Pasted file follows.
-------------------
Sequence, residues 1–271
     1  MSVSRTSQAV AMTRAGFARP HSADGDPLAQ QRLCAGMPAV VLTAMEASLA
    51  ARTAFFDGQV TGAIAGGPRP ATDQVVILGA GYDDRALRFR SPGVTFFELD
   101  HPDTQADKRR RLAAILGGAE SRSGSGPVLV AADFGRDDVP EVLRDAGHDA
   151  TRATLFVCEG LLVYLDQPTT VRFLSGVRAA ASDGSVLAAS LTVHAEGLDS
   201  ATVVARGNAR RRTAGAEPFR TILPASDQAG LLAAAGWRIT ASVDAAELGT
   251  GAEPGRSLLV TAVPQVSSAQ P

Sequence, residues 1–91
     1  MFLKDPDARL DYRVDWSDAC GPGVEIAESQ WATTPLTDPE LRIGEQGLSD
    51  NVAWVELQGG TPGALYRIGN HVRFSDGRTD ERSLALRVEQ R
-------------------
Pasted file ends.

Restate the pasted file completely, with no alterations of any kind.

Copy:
Sequence, residues 1–271
     1  MSVSRTSQAV AMTRAGFARP HSADGDPLAQ QRLCAGMPAV VLTAMEASLA
    51  ARTAFFDGQV TGAIAGGPRP ATDQVVILGA GYDDRALRFR SPGVTFFELD
   101  HPDTQADKRR RLAAILGGAE SRSGSGPVLV AADFGRDDVP EVLRDAGHDA
   151  TRATLFVCEG LLVYLDQPTT VRFLSGVRAA ASDGSVLAAS LTVHAEGLDS
   201  ATVVARGNAR RRTAGAEPFR TILPASDQAG LLAAAGWRIT ASVDAAELGT
   251  GAEPGRSLLV TAVPQVSSAQ P

Sequence, residues 1–91
     1  MFLKDPDARL DYRVDWSDAC GPGVEIAESQ WATTPLTDPE LRIGEQGLSD
    51  NVAWVELQGG TPGALYRIGN HVRFSDGRTD ERSLALRVEQ R